What we learned from Marquez's 21 laps before disaster - The Race

What we learned from Marquez’s 21 laps before disaster

Jul 24 2020

Last Sunday at the Spanish Grand Prix, we were robbed of the chance to see yet another epic last-lap battle between Marc Marquez and Fabio Quartararo, after a series of incidents in the high-tension opening round of the 2020 MotoGP season meant Marquez first ran into the gravel then crashed out while picking his way back through the field.

And while Marquez might have only completed 21 laps of the race at Jerez before falling and fracturing his right upper arm, the laps we did witness gives us a chance to gather some insight on the state of both Marquez and the Honda MotoGP project.

The first thing that we can take away from the weekend is perhaps no longer entirely relevant – but Marquez was able to demonstrate with ease that the shoulder that originally looked set to give him trouble before the scheduled start of the season is completely healed up.

That might be somewhat of a relief, given that he’s now nursing another upper-body injury that’s set to delay him even more.

Unable to ride the way he wanted to during pre-season testing, the coronavirus delay gave him a chance to heal himself up and that extra mobility will be crucial as he now goes into another battle for fitness.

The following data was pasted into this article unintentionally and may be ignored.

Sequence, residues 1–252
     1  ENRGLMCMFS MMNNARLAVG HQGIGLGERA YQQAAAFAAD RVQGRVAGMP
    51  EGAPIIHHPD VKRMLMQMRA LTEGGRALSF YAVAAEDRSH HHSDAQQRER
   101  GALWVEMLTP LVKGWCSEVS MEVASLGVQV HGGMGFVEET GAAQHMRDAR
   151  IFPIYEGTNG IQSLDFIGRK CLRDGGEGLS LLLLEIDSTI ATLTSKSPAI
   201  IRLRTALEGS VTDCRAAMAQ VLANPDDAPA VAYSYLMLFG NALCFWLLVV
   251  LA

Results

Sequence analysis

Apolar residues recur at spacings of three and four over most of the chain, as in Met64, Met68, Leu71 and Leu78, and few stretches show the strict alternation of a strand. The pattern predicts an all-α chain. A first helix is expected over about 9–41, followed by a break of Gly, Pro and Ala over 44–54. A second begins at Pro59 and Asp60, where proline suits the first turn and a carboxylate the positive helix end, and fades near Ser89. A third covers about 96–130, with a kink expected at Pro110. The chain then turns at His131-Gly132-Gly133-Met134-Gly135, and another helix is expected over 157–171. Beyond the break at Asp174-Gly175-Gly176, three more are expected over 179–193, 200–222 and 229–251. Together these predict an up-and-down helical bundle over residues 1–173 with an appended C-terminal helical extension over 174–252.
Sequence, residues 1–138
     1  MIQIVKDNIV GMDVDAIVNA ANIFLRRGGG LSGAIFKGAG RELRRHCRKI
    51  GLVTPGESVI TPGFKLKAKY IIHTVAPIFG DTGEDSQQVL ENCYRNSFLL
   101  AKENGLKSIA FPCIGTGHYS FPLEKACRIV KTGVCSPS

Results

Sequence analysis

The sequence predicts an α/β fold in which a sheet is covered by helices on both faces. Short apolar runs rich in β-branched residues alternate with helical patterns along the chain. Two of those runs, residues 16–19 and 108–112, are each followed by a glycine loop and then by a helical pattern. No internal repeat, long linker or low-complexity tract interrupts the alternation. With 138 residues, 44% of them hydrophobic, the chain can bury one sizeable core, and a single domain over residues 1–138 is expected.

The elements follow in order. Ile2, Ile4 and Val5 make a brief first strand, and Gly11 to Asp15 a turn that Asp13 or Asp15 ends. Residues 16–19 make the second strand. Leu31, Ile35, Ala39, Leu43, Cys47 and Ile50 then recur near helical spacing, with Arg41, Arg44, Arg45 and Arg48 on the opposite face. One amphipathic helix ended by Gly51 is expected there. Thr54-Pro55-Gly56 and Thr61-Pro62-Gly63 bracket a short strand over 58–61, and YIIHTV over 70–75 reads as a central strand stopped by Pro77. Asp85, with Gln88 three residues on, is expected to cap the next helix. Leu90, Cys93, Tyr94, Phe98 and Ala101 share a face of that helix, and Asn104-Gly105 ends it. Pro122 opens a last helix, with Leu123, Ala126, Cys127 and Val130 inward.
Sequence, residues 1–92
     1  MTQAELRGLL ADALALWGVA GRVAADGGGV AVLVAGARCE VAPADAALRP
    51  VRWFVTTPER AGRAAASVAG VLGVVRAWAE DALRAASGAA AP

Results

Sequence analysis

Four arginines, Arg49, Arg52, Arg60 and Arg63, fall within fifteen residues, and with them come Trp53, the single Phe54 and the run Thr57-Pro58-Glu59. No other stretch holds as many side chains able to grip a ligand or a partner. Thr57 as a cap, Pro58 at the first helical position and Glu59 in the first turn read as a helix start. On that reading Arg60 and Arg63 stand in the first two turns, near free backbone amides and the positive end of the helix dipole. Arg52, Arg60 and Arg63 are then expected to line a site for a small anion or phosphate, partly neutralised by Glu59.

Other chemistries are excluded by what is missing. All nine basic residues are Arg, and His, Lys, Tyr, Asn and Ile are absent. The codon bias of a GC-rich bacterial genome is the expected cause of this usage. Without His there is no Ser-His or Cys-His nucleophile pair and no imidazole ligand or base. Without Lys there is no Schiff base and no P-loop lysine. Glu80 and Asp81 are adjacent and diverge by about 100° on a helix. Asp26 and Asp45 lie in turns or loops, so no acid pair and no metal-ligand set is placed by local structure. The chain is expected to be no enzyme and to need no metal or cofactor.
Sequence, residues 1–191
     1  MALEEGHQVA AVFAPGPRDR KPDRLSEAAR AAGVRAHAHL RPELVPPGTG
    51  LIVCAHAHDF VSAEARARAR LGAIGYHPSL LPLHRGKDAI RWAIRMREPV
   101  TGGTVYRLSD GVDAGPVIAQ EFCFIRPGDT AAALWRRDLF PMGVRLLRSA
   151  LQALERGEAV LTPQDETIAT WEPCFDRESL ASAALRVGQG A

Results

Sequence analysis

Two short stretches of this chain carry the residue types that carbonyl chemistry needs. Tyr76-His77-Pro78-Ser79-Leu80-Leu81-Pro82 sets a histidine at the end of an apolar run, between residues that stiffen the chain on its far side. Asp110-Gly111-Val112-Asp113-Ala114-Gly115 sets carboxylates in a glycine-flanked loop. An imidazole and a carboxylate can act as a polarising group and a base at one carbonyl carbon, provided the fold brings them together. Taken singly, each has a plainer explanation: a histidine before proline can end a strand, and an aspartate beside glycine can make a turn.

It’s also apparent that he hasn’t lost his hunger over the winter, with a truly heroic performance to blast through the field in Sunday’s race after running on while in the lead and ending his chances of victory.

After dropping out of the points, to hammer back into podium contention was a sublime ride as he dismissed most of the grid as if they were backmarkers. This must’ve come as a psychological blow to his opponents, even if he wasn’t able to score points in the end.

But perhaps the most telling takeaway from the race is just how hard the reigning champion was once again needing to ride.

It’s clear that the problems with the current Honda RC213V are far from fixed and that it still takes brute force and maybe even disconnection of the rider’s brain to get the bike to work.

There’s no questioning that Sunday’s huge moment was almost inevitable given just how hard Marquez was pushing.


Fellow Honda rider Cal Crutchlow learned the same lesson in warm-up, sitting out Sunday’s race after being flicked at speed by the bike as well.

That doesn’t bode well for the near-future, with Marquez set to spend the coming rounds of the ultra-condensed championship riding injured – even though his comeback has been expedited.

Will he be able to get the most out of the bike if he can’t go to the limit? Is it even really worth his time being on track if he’s not going to be close to his usual competitive self?

It’s not great for the long-term either.

The riders have been pushing Honda hard to make the bike more rider-friendly, but it often feels like their feedback is falling on deaf ears. Sunday’s opening race of the year didn’t do anything to change that feeling, given how Marquez was clearly riding the wheel off the bike.

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